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Subscribe to this list via RSS Blog posts tagged in Mythology

Posted by on in Paths Blogs

At dusk today, one of Hellenismos' most important festivals (if one can give classifications to the festivals at all) starts. It's the Anthesteria, and held in honor of Dionysos Limnaios, wine, and the dead. The Anthesteria was held annually for three days, the eleventh to thirteenth of the month of Anthesterion. It is an ancestral festival, the oldest of the festivals for Dionysos in Athens, a time of reflection and trust in the new growing season to come, a time to celebrate with the spirits of the departed the indefatigable resurgence of life. The festival centered around the celebration of the maturing of the wine stored at the previous vintage, whose pithoi were now ceremoniously opened, and the beginning of spring. The three days of the feast were called Pithoigia (after πίθοι 'storage jars'), Khoes (χοαί 'libations') and Khytroi (χύτροι 'pots').

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Posted by on in Paths Blogs

Remember when I basically said that with Cepheus, we had come to the end of the Andoméda-related constellations? Yeah, I unintentionally lied. There is one more: Cetus, located in the aquatic portion of the sky, where many water-related constellations are places.

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Posted by on in Paths Blogs

When a whole family gets uplifted into the sky, the breakdown of their constellations gets a little repetitive over time, sorry about that. When we last saw the Aethiopia ruling family, we discussed the constellations Androméda and Cassiopeia. Today, we close the trilogy with Capheus, father of Andromeda, and husband to Cassiopeia, and add a good bit of info to the myth.

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I'm doing a combination post today: I'm combining a Pagan Blog Post, and a constellation series post. As such, I'll be talking about the mythical creatures as well as the constellation named after a few very famous examples of the species. Centaurs (kéntauros, kένταυρος) are depicted as half man, half horse; having the torso of a man extending where the neck of a horse should be. They were said to be wild, savage, and lustful, and in very old Hellenic artwork, they were often depicted as fully human, with a horse's end added to them. This shape for Centaurs remained in art for civilized Centaurs like Kheiron and Pholus.

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When I was a little girl, my favorite book was the Dutch translation of Michaels Ende's (originally German) 'Momo and The Grey Gentlemen'. Together with the main character from comic series 'Yoko Tsuno', my ethical system and basic personality got its foundation from Ende's main character Momo. If you haven't read this book--it's from the writer of 'The Neverending Story', if that helps--please pick up a copy. It was written in 1974, and describes well... exactly our current society. That's not what I wanted to talk about, however. I wanted to talk about the Constellation Cassiopeia.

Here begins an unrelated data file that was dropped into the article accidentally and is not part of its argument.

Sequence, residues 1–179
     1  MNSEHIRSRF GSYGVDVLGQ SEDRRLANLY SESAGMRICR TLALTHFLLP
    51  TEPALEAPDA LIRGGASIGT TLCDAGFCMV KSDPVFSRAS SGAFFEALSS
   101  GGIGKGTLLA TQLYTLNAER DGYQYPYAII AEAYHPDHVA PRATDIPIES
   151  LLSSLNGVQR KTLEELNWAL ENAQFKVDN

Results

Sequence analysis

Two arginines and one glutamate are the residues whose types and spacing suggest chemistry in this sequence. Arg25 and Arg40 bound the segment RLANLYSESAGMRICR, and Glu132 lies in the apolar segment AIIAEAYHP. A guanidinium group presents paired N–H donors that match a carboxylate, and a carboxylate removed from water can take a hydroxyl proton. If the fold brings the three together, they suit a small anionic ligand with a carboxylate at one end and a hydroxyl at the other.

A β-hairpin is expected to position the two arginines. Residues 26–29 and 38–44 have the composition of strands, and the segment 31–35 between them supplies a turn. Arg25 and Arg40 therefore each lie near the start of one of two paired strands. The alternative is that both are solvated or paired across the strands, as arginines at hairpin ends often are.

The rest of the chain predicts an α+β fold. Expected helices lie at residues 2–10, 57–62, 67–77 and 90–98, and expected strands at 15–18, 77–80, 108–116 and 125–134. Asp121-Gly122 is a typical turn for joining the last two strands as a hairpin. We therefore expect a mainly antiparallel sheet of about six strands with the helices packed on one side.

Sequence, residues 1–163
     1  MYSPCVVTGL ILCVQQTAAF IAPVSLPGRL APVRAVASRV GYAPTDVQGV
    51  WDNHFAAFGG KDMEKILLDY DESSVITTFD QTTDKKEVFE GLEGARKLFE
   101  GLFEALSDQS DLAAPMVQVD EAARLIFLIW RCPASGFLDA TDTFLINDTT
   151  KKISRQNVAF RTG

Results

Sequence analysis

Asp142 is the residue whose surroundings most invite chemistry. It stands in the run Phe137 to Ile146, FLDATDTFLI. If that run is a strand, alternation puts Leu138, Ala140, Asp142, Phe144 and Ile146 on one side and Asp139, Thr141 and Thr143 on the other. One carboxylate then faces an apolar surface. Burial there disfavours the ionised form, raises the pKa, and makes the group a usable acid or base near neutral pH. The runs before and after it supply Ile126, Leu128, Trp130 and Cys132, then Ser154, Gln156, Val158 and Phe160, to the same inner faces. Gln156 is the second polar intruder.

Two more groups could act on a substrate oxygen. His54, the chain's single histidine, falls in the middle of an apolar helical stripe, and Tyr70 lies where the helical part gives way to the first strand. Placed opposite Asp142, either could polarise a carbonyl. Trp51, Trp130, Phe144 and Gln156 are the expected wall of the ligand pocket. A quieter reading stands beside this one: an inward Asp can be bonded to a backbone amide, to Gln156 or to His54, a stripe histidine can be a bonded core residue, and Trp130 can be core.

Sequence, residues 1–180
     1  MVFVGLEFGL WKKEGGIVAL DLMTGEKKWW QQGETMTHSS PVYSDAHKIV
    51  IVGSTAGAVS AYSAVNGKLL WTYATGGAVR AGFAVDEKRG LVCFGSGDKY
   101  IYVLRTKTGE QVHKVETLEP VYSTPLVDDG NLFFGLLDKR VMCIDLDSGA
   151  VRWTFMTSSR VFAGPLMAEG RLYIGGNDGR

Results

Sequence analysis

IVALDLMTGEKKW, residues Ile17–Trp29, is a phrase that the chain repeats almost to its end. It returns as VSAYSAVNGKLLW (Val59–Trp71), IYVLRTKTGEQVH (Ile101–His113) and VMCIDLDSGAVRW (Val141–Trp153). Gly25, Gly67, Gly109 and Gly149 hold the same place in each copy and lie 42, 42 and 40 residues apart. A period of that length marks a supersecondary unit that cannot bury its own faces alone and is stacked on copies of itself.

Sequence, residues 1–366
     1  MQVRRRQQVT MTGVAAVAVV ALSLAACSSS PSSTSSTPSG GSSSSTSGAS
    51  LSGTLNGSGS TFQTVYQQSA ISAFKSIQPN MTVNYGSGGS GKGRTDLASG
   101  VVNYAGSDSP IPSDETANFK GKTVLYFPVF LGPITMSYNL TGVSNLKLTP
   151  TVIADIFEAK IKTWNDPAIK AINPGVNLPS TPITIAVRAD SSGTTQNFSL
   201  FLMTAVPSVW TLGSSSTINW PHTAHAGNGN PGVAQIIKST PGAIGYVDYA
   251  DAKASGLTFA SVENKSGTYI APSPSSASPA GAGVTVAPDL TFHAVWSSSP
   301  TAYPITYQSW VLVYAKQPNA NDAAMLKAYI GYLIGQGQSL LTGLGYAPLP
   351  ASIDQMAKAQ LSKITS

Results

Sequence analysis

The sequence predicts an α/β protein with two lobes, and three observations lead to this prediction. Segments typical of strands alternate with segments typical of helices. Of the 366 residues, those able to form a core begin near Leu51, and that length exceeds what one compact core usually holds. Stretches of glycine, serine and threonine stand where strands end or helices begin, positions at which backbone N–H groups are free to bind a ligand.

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Posted by on in Culture Blogs

Humanity has been studying and dreaming about and mythologizing the heavens since before the beginning of recorded civilization. No doubt, our ancestors were telling tales about the sun and stars even as they made the long trek out of Africa. Studying the heavens formed the very basis of some civilizations (see Sumer and the Maya, for example), giving rise to calendar systems, festival cycles, and whole arcs of mythology.

For those interested in the origins of the myths of the heavens (as opposed to just the science, which is a fascinating topic in and of itself) a good place to start is Exploring Ancient Skies: A Survey of Ancient and Cultural Astronomy by David H Kelley and Eugene F Milone. Dense -- though never boring -- Kelley and Milone's book offers a solid grounding in the place of "naked eye" astronomy in ancient civilizations, how our ancestors' observations shaped their civilizations, and the myths and legends that arose around celestial phenomena. A useful interdisciplinary reference, which I recommend for older children and adults interested in the history of astronomy.

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  • Joseph Bloch
    Joseph Bloch says #
    It's not easy to find, but "Star Myths of the Vikings" by Björn Jónsson has a lot of material on Norse astronomy. Some of it is sy

Posted by on in Paths Blogs

It's due time for another astronomy post, wouldn't you say? Today, I'm picking up the fourth of the constellations in the zodiac: Capricornus. Capricornus is often referred to as 'Capricorn', the latin word for 'horned goat' or 'goat horn', and in ancient Hellas--and even in most modern interpretations--the hybrid is not between human and goat, as one might expect from a culture with satyrs in its mythology, but goat and fish.

 
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  • Peter Beckley
    Peter Beckley says #
    Always love your posts, Elani! Thanks for making them so informative and horizon-expanding.
  • Elani Temperance
    Elani Temperance says #
    High praise, coming from you Thank you very much!

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